What Pemphero Mphande has achieved within 28 years that he has been around can only be accounted for in the book of fiction. And it is both fiction and telling real stories that has made him a household name, within the past few months.
He first hogged the limelight when he started a movement against the erection of India’s Mahatma Gandhi statue in Blantyre. This is, however, not the reason that has made him a huge attraction on social media platforms.
Of course, Pemphero cannot sing, act and dance, but still more, he has achieved a certain level of fame. His ability to connect with people on social media through his popular Facebook and Twitter accounts is one that has bolstered his social standing. Big is his Facebook page which within two months has grown from just about a thousand followers to close to 80 000 thousand active followers.
But how did this happen?
“I have always been a storyteller. Even though my Facebook page did not have a lot of followers, the few that did appreciated what I was doing,” recollects Pemphero in an interview.
In the month of February, Pemphero decided to use his emotional intelligence flair to grow his following even more and also propped up the level of interaction.
“I then started sharing my stories. The more I wrote, the more the numbers grew,” he said.
Pemphero became more creative in the same month of February, when he came up with an idea to use the romantic influence that Valentine day brings with it to this month.
“To celebrate love, I opened up my page to people to share their love stories whether good or bad ones. Every day we had a theme such as tribalism and love, suicide and mental health versus love, among others,” he recalls.
After people started trusting him with their stories, the numbers of his followers grew. As of March 16, Pemphero had over 79 000 followers.
Social media users have of late been smitten with his love stories shared on his social platforms. People privately give him these stories to share for others to advise or just appreciate their love stories.
However, Pemphero’s critics allege that his stories may be fictitious since he is a fiction writer himself.
“Stories shared on my page are 100 percent authentic. People out there have issues which they need to get off their chest,” he says.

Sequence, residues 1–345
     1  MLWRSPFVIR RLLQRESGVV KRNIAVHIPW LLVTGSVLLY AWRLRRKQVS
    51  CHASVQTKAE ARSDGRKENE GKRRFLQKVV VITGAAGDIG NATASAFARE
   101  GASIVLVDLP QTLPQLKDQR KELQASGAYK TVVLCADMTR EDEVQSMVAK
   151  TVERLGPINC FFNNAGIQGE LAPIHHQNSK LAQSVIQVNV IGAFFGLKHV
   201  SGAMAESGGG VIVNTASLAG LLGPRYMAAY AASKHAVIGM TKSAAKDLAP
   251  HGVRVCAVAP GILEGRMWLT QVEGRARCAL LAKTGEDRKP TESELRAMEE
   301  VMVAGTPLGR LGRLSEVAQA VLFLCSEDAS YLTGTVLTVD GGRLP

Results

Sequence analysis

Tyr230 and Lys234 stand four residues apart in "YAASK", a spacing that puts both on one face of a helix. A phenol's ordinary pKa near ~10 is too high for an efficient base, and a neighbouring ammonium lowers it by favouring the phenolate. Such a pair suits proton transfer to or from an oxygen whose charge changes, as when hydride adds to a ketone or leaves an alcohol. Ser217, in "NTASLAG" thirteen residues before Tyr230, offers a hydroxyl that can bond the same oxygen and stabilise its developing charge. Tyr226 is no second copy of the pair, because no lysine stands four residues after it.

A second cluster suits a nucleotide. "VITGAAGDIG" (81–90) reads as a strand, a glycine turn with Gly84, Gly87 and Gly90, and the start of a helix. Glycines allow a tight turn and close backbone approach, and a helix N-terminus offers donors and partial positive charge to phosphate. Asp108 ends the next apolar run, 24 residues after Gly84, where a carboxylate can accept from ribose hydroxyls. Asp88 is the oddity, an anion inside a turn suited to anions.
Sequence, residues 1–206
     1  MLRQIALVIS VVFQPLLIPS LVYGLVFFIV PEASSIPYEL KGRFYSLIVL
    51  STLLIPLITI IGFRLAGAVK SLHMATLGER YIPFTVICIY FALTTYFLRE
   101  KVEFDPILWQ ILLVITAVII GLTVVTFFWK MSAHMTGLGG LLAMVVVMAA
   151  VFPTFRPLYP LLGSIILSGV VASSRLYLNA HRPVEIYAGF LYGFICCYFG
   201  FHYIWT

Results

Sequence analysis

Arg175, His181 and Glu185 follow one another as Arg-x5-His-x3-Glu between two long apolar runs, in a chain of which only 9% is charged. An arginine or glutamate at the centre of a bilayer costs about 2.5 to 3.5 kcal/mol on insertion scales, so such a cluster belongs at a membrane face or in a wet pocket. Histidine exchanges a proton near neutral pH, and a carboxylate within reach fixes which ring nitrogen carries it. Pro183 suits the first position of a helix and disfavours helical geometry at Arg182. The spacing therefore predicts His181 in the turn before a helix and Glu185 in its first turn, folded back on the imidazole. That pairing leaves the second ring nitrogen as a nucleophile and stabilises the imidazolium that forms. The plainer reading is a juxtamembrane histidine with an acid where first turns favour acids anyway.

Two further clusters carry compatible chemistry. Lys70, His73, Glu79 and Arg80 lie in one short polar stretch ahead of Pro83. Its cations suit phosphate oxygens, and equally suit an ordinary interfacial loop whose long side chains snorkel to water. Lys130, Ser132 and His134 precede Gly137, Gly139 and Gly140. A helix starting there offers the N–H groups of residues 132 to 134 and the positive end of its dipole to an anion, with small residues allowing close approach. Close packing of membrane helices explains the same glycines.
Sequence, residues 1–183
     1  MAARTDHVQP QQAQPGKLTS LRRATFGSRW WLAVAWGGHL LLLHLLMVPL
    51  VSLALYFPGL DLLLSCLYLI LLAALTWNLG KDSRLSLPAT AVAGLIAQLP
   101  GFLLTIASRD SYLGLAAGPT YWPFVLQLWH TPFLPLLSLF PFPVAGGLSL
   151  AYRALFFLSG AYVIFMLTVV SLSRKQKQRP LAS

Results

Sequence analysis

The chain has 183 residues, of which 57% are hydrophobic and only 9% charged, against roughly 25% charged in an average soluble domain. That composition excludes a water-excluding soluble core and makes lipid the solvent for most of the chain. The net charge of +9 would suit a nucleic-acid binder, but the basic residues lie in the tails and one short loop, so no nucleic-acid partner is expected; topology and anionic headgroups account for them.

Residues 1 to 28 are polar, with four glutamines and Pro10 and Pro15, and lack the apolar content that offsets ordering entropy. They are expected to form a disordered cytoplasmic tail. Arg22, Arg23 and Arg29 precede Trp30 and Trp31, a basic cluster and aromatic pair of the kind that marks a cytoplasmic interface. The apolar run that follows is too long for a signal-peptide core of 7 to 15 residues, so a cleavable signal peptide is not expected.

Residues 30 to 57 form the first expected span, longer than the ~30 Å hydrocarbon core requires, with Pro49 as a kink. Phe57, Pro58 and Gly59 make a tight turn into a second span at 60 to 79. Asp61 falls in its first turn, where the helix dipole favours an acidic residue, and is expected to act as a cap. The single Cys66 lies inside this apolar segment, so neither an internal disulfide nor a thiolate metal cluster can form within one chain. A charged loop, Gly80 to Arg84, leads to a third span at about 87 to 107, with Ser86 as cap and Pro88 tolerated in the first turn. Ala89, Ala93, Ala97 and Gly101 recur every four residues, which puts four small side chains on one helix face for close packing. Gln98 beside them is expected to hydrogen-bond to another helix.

How is he handling limelight?
Pemphero says he does not call himself a celebrity or a public figure but a people’s person who likes to interact.
He says: “Yes, these days a lot of people notice me when they see me walking down the road. “On social media I get a lot of attention but that does not change who I am. I always remind myself that before everything else I am a human being who must treat other human beings with love, respect and humility.”
He first wrote a collection of fiction stories in ink while in Form 3 at Phwezi Secondary School. His school mates would borrow it at a K100 fee although later on someone decided to take it for good.
Pemphero is on March 27 cementing his title of a writer when he launches his book titled What You See At Sunrise during a ceremony to take place at Golden Peacock Hotel in Blantyre.
He will be supported by female artist Keturah, whom he is promoting using his social media pages. She will perform some of her songs and also be selling her latest Extended Playlist (EP).
But apart from being a story teller, Pemphero is a philanthropist at heart who has raised funds for many underprivileged in society.
Right now he is leading a fundraising drive for Chikondi Kazembe, a cancer patient who needs K11 million ($15 000.00) for further treatment in India.
As of March 14, two days after Pemphero posted a notice of appeal, they had raised K3.5 million. The fundraiser continues.
Apart from this, Pemphero has done so many charity activities, including paying school fees for less privileged children.
The rising social media influencer claims to be single though many of his followers believe he is dating or is in love with a local musician.
He is a father to a four-year-old girl named Withu Mphande.
He has two siblings Taonga and Lucy who are both supportive of his social media exploits. “They are my biggest supporters and are always commenting on my posts. They have seen my page grow from a few followers to its current status,” says Mphande who did his primary school education at St Peters in Mzuzu City.
Pemphero is son to a mother who was a secondary school English Literature teacher. His father is Professor Lupenga Mphande of The Ohio State University, a multi-award winning writer and poet. Notably, his father is the 1988 book prize winner of the BBC Art and Africa Poetry Award.
“My father is not into too much social media but has influenced my artistic works but not more than how my mother has with her literature background,” he acknowledges.
“My mum has been a huge influence though and continues following me on Facebook,” he says.